In a country where most fighters attend local public schools or no school at all, Sota is part of a ridiculously small minority of professional Muay Thai fighters studying in an international school. It's a true mishmash of cultural education for him. In history class, Sota is learning primarily about American history. Despite going to school in Thailand for the last two years, he reports never having studied Thai history. "I haven't learned much Japanese history either," he said, "but I've learned about 100 years' worth of European history." His only class not taught in English is a single Thai language class.

At an age when identity is classically challenged and developed, Sota's life is further complicated by the divide between being a Japanese student at an international school with dreams of a successful business career, and life as an athlete in a sport largely seen as lower-class. Unlike many of his Thai peers, Sota didn't grow up poor in rural Thailand, forming surrogate families with other Thai fighters from similar backgrounds. Instead, his early years were spent in Japan, going to school and practicing karate. Most of Sota's friends and family don't relate to his Muay Thai life. Sota still keeps in touch with some old friends in Japan, but they don't talk much about Muay Thai. Friends at the international school are similar -- his classmates aren't fighters, and thus cannot fully comprehend his training lifestyle. "Some of my classmates say they're scared of me," he laughed. "No one really gets into fights at my school, but some of the boys say things to me like, 'Don't hit me! Don't hit me!' The girls don't care, though. They're not scared of me."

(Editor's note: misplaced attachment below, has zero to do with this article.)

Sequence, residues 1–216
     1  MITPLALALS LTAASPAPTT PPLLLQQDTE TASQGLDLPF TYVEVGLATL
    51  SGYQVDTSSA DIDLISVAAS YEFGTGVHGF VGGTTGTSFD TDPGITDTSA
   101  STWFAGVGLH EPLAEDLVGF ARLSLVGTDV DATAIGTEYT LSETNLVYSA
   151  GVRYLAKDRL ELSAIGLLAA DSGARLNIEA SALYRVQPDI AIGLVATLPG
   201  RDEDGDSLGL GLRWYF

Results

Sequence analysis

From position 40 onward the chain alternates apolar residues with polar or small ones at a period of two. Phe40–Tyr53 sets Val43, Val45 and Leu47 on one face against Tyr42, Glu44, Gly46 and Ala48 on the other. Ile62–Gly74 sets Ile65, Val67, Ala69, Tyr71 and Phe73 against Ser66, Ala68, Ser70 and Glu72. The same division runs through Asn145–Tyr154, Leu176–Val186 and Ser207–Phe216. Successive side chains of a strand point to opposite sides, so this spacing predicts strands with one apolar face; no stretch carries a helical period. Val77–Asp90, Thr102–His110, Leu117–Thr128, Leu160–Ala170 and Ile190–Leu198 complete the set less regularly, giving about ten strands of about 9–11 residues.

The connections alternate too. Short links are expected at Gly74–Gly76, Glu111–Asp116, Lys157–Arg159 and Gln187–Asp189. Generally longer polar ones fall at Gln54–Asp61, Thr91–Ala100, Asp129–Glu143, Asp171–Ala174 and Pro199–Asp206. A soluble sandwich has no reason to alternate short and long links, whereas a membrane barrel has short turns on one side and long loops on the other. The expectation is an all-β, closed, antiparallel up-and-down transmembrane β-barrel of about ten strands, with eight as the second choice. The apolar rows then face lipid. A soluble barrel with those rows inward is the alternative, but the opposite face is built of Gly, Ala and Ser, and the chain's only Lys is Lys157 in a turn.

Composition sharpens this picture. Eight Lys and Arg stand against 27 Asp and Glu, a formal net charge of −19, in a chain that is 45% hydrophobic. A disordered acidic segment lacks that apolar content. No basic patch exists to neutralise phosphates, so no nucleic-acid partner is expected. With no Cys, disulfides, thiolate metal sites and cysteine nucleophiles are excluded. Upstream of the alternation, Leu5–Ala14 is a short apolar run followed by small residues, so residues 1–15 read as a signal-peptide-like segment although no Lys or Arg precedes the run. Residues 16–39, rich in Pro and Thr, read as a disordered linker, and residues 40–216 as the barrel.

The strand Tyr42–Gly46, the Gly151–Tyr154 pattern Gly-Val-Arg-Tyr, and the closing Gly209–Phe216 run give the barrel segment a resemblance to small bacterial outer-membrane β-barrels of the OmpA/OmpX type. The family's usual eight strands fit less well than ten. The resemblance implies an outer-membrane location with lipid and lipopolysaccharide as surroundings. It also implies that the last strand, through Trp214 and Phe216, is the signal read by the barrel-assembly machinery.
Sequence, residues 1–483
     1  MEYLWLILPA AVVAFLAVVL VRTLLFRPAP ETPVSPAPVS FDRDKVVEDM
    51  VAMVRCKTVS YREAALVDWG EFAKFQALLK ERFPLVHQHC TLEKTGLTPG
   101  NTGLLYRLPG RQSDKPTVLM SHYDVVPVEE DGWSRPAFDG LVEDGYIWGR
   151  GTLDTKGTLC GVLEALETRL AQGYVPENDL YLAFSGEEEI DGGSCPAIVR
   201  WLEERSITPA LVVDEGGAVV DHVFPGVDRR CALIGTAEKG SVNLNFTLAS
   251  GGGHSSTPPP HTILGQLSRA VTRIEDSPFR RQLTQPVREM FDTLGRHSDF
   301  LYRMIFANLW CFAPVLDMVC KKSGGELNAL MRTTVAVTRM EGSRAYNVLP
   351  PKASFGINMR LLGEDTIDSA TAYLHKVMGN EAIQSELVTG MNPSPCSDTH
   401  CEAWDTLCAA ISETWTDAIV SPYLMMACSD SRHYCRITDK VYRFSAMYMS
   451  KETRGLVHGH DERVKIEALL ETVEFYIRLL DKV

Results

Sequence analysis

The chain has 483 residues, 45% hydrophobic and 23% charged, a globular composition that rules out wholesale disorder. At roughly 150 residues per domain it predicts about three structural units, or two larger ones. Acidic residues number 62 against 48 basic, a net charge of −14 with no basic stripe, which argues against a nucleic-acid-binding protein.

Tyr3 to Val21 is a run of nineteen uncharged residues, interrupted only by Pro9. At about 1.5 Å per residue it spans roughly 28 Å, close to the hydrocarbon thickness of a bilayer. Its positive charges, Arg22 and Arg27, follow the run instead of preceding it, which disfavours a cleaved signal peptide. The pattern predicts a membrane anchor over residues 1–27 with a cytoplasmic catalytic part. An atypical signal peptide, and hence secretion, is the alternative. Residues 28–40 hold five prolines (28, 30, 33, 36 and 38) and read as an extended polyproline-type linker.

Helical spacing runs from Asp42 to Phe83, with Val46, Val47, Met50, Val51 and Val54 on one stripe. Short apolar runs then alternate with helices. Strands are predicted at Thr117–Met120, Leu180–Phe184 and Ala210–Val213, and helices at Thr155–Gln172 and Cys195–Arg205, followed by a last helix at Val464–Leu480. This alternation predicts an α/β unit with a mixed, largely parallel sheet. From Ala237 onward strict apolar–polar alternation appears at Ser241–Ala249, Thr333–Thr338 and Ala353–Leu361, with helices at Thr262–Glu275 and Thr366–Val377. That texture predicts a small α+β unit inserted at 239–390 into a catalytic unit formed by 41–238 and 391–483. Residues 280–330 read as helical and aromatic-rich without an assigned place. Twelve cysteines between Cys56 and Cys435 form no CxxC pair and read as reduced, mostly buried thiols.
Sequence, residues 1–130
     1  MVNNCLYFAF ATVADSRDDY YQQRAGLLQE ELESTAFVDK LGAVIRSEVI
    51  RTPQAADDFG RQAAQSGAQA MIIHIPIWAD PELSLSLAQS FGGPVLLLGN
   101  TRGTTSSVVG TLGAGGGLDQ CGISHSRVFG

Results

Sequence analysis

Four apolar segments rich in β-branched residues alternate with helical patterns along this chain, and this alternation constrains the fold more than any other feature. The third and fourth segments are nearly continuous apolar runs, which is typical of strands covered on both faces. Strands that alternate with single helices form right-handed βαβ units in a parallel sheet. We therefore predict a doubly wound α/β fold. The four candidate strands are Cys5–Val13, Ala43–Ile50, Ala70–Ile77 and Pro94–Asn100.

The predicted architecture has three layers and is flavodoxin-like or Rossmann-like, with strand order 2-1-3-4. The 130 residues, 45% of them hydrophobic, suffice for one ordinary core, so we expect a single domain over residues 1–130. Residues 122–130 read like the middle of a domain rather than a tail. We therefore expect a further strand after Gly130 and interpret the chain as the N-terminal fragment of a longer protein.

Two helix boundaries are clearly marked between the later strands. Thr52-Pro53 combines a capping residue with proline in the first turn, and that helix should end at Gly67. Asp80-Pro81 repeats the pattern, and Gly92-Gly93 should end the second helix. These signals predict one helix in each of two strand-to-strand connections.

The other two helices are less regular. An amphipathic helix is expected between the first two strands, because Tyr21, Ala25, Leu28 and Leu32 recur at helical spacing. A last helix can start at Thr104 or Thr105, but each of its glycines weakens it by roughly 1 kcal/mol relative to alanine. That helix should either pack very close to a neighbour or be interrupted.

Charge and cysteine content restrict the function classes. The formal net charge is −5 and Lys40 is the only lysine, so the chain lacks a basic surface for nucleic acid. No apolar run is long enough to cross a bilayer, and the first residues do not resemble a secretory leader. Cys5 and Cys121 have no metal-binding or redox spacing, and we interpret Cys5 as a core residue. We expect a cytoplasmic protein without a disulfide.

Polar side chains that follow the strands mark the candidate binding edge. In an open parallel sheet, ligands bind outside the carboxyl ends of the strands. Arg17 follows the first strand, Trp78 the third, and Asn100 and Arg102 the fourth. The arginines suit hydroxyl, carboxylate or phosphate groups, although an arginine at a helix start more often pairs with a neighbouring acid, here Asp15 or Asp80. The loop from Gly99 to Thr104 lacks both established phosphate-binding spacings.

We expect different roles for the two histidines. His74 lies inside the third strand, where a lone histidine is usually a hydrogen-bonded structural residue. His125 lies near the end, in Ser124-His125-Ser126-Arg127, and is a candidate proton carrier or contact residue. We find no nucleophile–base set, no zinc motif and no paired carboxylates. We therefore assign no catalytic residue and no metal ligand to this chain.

Sota is one of the youngest resident fighters at Ingram. He lives with three roommates between the ages of 19 and 29. Sota showed me his room, apologized for it being so messy and made to clean it quickly.

He reiterated over and over how much he loved fighting, but not necessarily training. And surprisingly, for someone who has already devoted so much to the sport, Sota never mentioned Thailand and Muay Thai when we discussed his future.

"Sota," I asked, "do you even like Muay Thai?"

He hesitated for a moment. "Um… Yes, I like it, maybe. But I don't like practicing." 

"What do you like most about living and training in Thailand?" 

"Well," he said slowly, "I like watching Youtube. And sometimes my friends and I go bowling."

Sota calls his parents after every fight to tell him the result. In the couple years he's been living in Thailand, his family has come to visit him once. They stayed four days, but not long enough to see a fight. "My family has never watched me fight," he said, "and I don't want them to. I don't want to lose in front of them."

He doesn't lose often. He fights in top stadia and wins more often than not. I can't even imagine having his kind of talent. Does he appreciate what he has? What he could become?

I asked Sota directly if he thought he was a good fighter. He considered the question briefly, said, "Mmm, there are a lot of people who are stronger than I am."

"What do your coaches tell you?" I asked. "Do they tell you you're a good fighter or bad?

"Some kind trainers say I am good," he said with a shy smile.

"Are most of the trainers kind?"

After a pause, he said, "There are only kind trainers."


Check out these related stories:

Life After Fighting: Muay Thai Legend Pornsanae Sitmonchai Retires

The Long Road to Bangkok: A Young Fighter's Struggle to Win in the Capital

Sitmonchai Gym and the Balance of Cultures